Bless her heart, but my wife’s friend “Linda” (name changed to protect the embarrassed) has a knack for often saying the “wrong” thing when speaking Spanish. And during her recent visit to our home in Costa Rica she outdid herself.
At breakfast she tried to tell the waiter she needed more coffee because she was tired (Estoy cansada) but repeated Estoy casada (“I’m married”) several times, as if fending off his advances.
He knew what was going on and smiled. Then gave her a mini-lesson in the vital difference that missing “n” made.
But I will give credit to Linda for knowing the number one rule of speaking Spanish in Costa Rica. You can get by just fine without hardly any knowledge at all. You can do your banking, pay your bills, go shopping, buy a car, get medical care (so many doctors trained in the U.S. and Canada, almost all are fluent)…everything, without speaking a word.
But the thing is…a little goes a long way. And it’s definitely worth learning what you can.
Even if it’s just a simple Buenos Dias, Como esta? “Good morning, how are you?” and then you launch into English, Costa Ricans really do appreciate the effort.
It’s a sign of respect, plain and simple, for the people of your new home. And if you decide to go further and end up stumbling over your words, don’t fret. As with Linda, nobody will scoff or laugh. They’ll be patient and kind, eager to let you practice.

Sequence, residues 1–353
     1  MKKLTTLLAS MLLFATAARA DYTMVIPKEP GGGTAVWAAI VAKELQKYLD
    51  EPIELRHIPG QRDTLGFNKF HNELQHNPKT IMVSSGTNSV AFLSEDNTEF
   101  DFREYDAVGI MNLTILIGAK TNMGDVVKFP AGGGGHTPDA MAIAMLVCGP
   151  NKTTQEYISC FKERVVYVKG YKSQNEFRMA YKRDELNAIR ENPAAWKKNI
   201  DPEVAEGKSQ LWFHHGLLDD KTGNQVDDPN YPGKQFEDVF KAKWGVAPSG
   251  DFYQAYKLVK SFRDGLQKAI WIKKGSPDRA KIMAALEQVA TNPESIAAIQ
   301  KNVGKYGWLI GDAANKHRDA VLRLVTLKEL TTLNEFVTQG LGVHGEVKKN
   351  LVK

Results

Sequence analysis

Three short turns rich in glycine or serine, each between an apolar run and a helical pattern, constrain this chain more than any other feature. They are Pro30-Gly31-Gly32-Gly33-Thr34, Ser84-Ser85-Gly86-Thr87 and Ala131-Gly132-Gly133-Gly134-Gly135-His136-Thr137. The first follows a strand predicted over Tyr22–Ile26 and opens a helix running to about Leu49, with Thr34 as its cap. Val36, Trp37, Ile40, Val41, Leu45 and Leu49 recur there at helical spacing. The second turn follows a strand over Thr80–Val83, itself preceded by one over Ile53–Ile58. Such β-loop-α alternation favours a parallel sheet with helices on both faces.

In tourist areas, you’ll have more English speakers, of course, especially at hotels, shops, tour companies, and bars and restaurants. In some very expat-heavy regions, especially on the Gold Coast on the northern Pacific, it’s as if English is the first language.
But even in off the beaten path areas, many, especially the younger generation, speak pretty good English. It’s thanks to classes at school, private lessons, and satellite TV.
Canadian Ruth Thumm has lived off and on in Atenas, in the Central Valley, for nearly 20 years. One of the first expats in town, she gets by knowing a few phrases to chat with the neighbors and some numbers to buy produce at the farmers’ market.
I’ve met plenty of expats in the same boat. Maybe they’ve struggled through Spanish courses or just don’t feel they can learn a new language. But it’s not an obstacle to truly enjoying life in Costa Rica.
And Linda? She made it through a two-week public bus trip throughout the country, including some very remote areas, just fine.
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